Transcriptional Regulation Contributes to Prioritized Detoxification of Hydrogen Peroxide over Nitric Oxide.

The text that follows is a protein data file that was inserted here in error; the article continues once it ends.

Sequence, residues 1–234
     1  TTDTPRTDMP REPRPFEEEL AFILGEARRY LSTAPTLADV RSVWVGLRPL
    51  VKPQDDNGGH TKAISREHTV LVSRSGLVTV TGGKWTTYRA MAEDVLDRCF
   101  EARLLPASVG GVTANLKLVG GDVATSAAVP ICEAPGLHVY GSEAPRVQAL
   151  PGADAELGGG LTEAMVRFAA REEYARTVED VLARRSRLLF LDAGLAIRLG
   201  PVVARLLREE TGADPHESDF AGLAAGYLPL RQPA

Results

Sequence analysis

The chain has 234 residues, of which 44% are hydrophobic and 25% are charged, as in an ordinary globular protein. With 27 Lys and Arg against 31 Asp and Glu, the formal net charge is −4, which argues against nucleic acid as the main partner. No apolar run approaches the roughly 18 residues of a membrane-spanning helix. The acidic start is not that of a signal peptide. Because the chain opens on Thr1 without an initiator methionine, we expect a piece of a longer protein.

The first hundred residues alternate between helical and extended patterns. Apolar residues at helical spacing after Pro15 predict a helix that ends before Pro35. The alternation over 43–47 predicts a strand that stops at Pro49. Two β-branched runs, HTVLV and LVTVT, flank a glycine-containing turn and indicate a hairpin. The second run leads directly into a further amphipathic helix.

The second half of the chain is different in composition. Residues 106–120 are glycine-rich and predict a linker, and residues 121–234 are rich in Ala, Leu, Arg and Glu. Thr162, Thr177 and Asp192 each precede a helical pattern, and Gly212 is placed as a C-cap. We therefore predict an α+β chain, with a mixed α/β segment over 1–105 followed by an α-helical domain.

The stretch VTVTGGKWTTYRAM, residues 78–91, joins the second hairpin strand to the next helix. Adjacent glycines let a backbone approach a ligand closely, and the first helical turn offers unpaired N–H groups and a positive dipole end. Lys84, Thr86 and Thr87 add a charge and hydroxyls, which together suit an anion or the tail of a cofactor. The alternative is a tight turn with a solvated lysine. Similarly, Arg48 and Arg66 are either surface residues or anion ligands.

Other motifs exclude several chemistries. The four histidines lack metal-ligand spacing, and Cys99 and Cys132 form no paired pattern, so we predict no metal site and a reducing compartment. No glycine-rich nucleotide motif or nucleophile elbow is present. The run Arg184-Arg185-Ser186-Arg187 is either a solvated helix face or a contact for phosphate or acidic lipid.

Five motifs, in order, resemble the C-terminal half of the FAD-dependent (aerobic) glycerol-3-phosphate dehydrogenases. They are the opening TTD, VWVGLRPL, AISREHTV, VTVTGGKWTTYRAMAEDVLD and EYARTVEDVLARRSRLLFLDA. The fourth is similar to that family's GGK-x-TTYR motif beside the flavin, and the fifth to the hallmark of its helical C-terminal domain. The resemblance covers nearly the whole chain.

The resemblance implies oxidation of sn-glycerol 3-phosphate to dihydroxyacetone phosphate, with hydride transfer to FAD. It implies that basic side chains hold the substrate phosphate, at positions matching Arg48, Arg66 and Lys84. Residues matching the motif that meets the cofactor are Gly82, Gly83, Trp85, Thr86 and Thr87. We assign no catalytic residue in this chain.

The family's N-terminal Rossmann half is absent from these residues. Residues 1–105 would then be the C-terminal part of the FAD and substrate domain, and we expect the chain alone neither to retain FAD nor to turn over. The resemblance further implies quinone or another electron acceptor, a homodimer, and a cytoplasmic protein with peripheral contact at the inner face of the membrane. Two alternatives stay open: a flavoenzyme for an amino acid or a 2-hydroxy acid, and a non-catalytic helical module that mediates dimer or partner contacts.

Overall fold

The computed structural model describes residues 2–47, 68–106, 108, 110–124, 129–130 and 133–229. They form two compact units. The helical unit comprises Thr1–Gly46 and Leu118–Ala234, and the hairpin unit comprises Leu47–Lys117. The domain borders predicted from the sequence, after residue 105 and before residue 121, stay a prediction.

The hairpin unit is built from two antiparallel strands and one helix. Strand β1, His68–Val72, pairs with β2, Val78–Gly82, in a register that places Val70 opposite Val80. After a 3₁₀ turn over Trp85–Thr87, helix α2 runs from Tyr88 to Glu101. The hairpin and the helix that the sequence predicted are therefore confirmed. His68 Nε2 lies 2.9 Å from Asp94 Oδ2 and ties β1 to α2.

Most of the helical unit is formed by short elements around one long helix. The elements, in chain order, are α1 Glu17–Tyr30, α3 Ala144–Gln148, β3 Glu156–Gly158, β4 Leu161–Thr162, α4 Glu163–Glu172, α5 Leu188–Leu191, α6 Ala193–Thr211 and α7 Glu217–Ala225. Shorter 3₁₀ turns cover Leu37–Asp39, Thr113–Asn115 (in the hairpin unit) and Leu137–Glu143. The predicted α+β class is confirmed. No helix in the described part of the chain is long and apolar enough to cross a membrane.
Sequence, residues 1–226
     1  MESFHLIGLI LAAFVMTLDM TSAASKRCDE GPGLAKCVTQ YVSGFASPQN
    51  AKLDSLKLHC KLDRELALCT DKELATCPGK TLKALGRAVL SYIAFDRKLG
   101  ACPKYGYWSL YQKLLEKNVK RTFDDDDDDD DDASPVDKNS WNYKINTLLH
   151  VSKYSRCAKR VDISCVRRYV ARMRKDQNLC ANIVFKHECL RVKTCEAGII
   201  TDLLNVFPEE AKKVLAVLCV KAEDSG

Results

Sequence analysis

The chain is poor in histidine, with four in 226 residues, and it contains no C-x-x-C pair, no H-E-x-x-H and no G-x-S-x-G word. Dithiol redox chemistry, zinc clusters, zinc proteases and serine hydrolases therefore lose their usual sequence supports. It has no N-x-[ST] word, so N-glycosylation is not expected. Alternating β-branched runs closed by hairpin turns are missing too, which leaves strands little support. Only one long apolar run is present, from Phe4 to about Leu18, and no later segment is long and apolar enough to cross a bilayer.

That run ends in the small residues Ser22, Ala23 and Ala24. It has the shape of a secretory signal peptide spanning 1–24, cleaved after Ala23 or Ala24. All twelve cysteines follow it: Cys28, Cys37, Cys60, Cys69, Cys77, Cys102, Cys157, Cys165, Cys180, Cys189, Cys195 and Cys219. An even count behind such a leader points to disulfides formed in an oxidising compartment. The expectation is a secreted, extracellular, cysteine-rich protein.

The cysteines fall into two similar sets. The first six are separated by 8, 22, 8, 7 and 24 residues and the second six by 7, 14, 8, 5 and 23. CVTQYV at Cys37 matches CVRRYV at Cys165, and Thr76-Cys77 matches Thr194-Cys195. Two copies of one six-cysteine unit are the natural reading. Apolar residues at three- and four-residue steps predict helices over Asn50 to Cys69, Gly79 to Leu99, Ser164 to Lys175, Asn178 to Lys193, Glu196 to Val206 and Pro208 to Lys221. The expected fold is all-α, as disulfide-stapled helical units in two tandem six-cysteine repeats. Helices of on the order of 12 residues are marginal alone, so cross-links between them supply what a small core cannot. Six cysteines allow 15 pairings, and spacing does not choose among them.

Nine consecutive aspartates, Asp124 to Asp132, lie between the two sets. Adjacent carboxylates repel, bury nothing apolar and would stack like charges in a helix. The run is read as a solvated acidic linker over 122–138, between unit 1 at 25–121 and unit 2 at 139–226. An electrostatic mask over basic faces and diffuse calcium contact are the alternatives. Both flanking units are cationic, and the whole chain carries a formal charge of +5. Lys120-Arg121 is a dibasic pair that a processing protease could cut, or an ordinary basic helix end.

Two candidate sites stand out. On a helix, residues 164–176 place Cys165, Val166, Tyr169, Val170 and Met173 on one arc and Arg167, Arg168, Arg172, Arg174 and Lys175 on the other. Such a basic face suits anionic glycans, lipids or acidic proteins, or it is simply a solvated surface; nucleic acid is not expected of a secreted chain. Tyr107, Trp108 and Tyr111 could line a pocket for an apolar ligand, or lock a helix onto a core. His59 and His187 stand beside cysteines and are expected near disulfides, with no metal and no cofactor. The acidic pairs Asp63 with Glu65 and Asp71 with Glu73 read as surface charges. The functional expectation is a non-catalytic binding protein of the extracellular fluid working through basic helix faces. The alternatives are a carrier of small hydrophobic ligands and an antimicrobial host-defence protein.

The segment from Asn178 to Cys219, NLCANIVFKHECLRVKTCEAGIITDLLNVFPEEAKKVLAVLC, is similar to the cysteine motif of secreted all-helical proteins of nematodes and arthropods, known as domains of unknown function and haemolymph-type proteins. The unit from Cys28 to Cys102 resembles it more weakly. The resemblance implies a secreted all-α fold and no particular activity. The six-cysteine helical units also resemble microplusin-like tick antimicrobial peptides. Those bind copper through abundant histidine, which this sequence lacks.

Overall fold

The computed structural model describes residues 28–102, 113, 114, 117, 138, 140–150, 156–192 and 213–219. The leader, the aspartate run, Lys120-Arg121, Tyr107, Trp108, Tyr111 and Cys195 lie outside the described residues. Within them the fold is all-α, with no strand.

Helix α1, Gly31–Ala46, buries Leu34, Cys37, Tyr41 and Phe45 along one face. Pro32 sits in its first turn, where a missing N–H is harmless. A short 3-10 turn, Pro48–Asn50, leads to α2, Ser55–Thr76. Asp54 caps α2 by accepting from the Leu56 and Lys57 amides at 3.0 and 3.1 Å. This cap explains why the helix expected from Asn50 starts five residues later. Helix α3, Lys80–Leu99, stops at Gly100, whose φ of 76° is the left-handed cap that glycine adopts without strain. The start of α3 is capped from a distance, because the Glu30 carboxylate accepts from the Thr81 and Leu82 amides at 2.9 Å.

Hydrogen peroxide (HO) and nitric oxide (NO·) are toxic metabolites that immune cells use to attack pathogens. These antimicrobials can be present at the same time in phagosomes, and it remains unclear how bacteria deal with these insults when simultaneously present. Here, using , we observed that simultaneous exposure to HO and NO· leads to prioritized detoxification, where enzymatic removal of NO· is impeded until HO has been eliminated. This phenomenon is reminiscent of carbon catabolite repression (CCR), where preferred carbon sources are catabolized prior to less desirable substrates; however, HO and NO· are toxic, growth-inhibitory compounds rather than growth-promoting nutrients. To understand how NO· detoxification is delayed by HO whereas HO detoxification proceeds unimpeded, we confirmed that the effect depended on Hmp, which is the main NO· detoxification enzyme, and used an approach that integrated computational modeling and experimentation to delineate and test potential mechanisms. Plausible interactions included HO-dependent inhibition of transcription and translation, direct inhibition of Hmp catalysis, and competition for reducing equivalents between Hmp and HO-degrading enzymes. Experiments illustrated that Hmp catalysis and NAD(P)H supply were not impaired by HO, whereas transcription and translation were diminished. A dependence of this phenomenon on transcriptional regulation parallels CCR, and we found it to involve the transcriptional repressor NsrR. Collectively, these data suggest that bacterial regulation of growth inhibitor detoxification has similarities to the regulation of growth substrate consumption, which could have ramifications for infectious disease, bioremediation, and biocatalysis from inhibitor-containing feedstocks. Bacteria can be exposed to HO and NO· concurrently within phagosomes. In such multistress situations, bacteria could have evolved to simultaneously degrade both toxic metabolites or preferentially detoxify one over the other. Here, we found that simultaneous exposure to HO and NO· leads to prioritized detoxification, where detoxification of NO· is hampered until HO has been eliminated. This phenomenon resembles CCR, where bacteria consume one substrate over others in carbon source mixtures. Further experimentation revealed a central role for transcriptional regulation in the prioritization of HO over NO·, which is also important to CCR. This study suggests that regulatory scenarios observed in bacterial consumption of growth-promoting compound mixtures can be conserved in bacterial detoxification of toxic metabolite mixtures.